A vintage cup of tea is a lovely Christmas present – Rochester Minnesota news, weather, sports
Fancy a nice Christmas present? How about a cup of tea to start a collection or add to a collection.
A collection of tea cups is available to everyone, whatever their budget.
In the 17th century, most tea cups were tailor-made for the wealthy and were made from fine silver. As everything that was consumed in these mugs was piping hot, it soon became apparent that the metal mugs and hot liquids did not mix.
Soon after, tea cups began to be made of porcelain and other materials.
Before you can start to successfully collect tea cups, you need to make sure that you know the difference between a cup of tea and a cup of coffee. To the untrained eye, these two mugs aren’t that different. Coffee cups are generally larger than tea cups. Tea cups look quite delicate, usually have a matching saucer, and their handles sit higher on the side of the mug than the handles on coffee cups.
Of course, a mug can be whatever you want it to be.
A half-cup (half-cup) cup can also be used for tea. If you like it for tea, buy it, that’s why I have several hundred.
Arm yourself with knowledge to keep you from finding reproductions. Learn about your collecting interests. Go to antique shops and handle as many authentic pieces as you can.
Compare genuine coins with those known to be fakes, ask questions of other collectors and dealers, and join collectors clubs for ongoing education on your collectible.
Purchase and study reference guides such as “Kovels’ Antiques & Collectibles Price Guide, 2022″.
Learn to pay attention to details. To be a true collector, you need to do your homework and try to learn as much as you can about the history of tea cups.
Did you know that the first tea cups made in Europe didn’t even have handles? It can also be helpful to know the manufacturer’s name on some of the top selling tea cups so you can recognize them when you come across them. This can be simply done by reading the stamp as it usually reads something like “Royal Albert fine bone china ENGLAND”.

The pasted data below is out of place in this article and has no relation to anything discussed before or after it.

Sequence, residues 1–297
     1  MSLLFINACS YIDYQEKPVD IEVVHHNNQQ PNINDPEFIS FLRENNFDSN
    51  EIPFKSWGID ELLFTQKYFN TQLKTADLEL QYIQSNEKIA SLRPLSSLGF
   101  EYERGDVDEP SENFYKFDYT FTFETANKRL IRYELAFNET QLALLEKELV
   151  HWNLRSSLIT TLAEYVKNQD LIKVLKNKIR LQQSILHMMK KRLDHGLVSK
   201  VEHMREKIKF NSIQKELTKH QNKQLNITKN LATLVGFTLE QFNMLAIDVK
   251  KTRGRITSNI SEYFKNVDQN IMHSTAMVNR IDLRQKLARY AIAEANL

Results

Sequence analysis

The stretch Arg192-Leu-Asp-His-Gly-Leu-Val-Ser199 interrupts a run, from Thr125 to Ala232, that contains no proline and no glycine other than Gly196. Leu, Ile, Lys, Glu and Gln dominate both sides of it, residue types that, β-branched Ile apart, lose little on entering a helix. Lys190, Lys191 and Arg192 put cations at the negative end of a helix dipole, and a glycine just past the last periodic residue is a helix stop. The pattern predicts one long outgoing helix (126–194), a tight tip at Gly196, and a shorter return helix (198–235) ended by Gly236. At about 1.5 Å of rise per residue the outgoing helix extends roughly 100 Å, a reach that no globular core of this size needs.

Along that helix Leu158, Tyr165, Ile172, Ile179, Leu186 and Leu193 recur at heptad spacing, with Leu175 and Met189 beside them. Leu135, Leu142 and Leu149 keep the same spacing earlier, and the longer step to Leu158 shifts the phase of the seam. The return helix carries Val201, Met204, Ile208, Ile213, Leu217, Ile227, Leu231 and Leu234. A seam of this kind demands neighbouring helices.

So what about soft porcelain? Today there are no bones in porcelain. Tea cups with names such as Spode, Royal Doulton, Havilland and Limoges are collectible.
A teacup or set to keep your eyes open is one of busy Japan. A bit of history: After WWII, the United States occupied Japan, so anything that left the country had to be stamped “Made in Occupied Japan”. The Japanese weren’t happy with that and every time they thought they could get away with not using the stamp, they did, and all the products that left Japan just said, “Made in Japan.” As a result, few items were stamped “Made In Occupied Japan” and now they are extremely rare and highly collectable.
What about Nippon then? Nippon basically means ‘made in Japan’, so when you see a ‘Nippon’ mark on the underside of a base of a ceramic piece, you know you have a piece that was made in Japan.
Where are all the tea cups?
In antique shops, yard and estate sales, auctions, flea markets, thrift and gift shops, The Salvation Army, Goodwill as well as online websites.
“There’s no time like the holidays to wear your fanciest clothes and use your prettiest dishes,” said Erica Thilges, director of New Generations of Harmony.
The store offers a Bavarian Germany teapot / coffee with poinsettias, a set of three tea pieces for a Santa Claus and other collectible Christmas tea cups and saucers by Lefton and Tuscan.
If you have a hidden cup of tea, there’s no time like Christmas to pull it out and let it fill your mind with memories of Christmases gone by.
Sandy Erdman is a Winona-based freelance writer and certified appraiser who focuses on vintage, antique and collectibles. Send comments and story suggestions to Sandy at